Kickstarter manually reviews projects in the ‘Design and Technology’ category before allowing those campaigns to go live. This process takes around 2-3 business days on average. This extra screening means some of the lower-quality campaigns get eliminated from Kickstarter before they even get the chance to be seen by the public.
Flexible Funding Goals
If a creator were to set a goal of US$10,000, but ended up raising only US$7,000, a Kickstarter campaign would fail and the creator would get nothing. Conversely, Indiegogo campaigns have the option to begin with a ‘flexible funding goal’, which means they stand to receive all funds raised, regardless of whether it makes it all the way or not. Indiegogo campaigns may choose a fixed funding goal or a flexible funding goal before the campaign starts, but Kickstarter only offers fixed funding.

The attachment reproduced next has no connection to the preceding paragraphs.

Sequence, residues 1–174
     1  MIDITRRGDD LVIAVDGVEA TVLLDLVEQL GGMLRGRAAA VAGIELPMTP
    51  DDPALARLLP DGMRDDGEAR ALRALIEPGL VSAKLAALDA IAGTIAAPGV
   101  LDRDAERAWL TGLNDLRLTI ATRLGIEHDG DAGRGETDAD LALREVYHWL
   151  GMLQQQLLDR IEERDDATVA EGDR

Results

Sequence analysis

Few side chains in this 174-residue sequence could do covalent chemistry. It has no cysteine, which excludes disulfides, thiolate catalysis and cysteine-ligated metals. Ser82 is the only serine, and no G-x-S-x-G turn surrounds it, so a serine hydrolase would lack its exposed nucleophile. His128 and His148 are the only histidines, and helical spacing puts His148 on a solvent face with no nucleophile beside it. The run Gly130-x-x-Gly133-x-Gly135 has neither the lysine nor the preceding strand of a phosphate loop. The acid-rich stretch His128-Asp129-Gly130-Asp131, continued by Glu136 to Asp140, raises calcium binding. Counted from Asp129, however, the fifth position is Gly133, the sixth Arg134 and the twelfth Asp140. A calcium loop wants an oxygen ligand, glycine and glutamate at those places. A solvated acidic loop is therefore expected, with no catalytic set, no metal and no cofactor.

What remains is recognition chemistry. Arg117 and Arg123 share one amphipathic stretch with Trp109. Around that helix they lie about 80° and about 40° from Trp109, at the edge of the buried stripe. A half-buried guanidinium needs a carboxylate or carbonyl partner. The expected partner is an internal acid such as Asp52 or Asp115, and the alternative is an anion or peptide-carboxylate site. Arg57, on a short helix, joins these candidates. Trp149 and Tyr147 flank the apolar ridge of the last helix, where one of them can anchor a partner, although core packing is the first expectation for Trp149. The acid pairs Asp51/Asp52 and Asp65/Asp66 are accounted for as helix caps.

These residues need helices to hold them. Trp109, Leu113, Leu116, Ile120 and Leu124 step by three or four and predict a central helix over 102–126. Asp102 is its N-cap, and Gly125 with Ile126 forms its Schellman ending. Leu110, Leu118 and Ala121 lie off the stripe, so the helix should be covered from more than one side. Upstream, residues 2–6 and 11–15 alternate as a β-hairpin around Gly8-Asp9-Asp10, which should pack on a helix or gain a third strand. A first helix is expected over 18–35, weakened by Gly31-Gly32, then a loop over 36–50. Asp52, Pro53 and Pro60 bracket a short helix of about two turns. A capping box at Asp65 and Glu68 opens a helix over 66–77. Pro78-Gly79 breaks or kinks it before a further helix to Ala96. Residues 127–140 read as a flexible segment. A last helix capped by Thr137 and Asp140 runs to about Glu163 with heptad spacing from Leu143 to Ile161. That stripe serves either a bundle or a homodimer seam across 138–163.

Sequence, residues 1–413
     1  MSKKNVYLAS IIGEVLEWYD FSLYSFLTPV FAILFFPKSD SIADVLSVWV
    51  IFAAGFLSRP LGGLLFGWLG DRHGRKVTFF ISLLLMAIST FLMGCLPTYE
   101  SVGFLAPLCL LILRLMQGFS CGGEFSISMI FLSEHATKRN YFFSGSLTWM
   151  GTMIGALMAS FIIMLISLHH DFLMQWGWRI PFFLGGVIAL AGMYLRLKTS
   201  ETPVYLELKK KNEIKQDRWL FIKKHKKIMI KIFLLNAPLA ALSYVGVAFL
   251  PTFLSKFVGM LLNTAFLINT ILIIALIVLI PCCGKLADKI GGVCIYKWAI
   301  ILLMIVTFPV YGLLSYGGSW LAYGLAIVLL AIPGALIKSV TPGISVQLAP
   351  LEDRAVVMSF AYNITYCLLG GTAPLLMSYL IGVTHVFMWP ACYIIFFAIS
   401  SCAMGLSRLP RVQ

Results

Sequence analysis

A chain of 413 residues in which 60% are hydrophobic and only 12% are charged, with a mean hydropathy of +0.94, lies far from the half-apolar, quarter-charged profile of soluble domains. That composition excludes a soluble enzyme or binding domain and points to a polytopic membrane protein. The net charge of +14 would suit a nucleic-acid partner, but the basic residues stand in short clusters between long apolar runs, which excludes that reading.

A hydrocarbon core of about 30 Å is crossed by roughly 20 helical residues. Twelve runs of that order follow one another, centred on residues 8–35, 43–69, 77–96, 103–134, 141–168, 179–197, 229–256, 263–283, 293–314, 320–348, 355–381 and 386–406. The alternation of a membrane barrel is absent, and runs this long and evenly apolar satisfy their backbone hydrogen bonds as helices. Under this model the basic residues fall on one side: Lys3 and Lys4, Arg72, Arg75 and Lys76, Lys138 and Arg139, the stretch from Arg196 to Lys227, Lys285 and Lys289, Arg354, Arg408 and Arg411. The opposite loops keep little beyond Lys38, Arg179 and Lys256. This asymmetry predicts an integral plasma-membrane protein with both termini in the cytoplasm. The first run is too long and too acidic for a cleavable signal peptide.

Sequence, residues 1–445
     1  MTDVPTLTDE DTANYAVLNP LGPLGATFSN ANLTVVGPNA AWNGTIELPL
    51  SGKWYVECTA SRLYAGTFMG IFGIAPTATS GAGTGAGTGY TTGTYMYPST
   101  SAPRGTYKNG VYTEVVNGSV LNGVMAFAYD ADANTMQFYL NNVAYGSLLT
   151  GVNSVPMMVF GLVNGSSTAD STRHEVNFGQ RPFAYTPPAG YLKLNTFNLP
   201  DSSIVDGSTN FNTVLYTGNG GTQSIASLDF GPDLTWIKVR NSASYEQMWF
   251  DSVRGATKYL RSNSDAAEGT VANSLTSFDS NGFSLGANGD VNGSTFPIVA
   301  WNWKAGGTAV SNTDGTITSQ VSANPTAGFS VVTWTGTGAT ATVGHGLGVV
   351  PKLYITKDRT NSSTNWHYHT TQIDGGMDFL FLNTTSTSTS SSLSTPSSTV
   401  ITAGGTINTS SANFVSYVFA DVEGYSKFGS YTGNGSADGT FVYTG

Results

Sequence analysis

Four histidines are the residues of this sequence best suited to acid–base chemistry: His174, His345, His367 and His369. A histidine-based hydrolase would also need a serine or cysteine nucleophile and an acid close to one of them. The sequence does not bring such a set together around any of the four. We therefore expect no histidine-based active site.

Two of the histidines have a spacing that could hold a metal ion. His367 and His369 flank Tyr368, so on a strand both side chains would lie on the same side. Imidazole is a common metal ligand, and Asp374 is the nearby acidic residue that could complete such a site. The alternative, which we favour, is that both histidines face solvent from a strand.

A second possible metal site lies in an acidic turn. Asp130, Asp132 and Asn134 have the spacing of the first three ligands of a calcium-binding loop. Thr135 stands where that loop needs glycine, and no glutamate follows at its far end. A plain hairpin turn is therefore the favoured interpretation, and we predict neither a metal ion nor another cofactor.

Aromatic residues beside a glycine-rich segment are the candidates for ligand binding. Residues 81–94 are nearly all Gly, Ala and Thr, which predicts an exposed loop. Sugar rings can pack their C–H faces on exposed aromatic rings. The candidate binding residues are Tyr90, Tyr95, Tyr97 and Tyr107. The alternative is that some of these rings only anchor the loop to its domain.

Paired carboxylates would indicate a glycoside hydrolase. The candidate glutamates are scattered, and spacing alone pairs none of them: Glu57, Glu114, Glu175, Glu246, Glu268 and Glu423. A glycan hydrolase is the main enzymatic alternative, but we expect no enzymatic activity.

Many of the creators who funded through Indiegogo said that superior communication with Indiegogo staff was a big reason behind why they chose them instead of Kickstarter. Contacting a human at Kickstarter has a reputation of being difficult. Indiegogo’s staff are more reachable and responsive.
Creators hosted on both Kickstarter and Indiegogo can integrate Google Analytics tracking, to show traffic sources to their campaign page. However, Google Analytics cannot go further than that and reveal the source of money pledged – which is, of course, the most important thing for a campaign to monitor and optimize for. Indiegogo campaigns can get this critical information through the installation of Facebook pixels – essentially, small files which get automatically downloaded to computers which visit a campaign page, and send data depending on the actions visitors subsequently take. Kickstarter does not offer this Facebook pixel integration natively.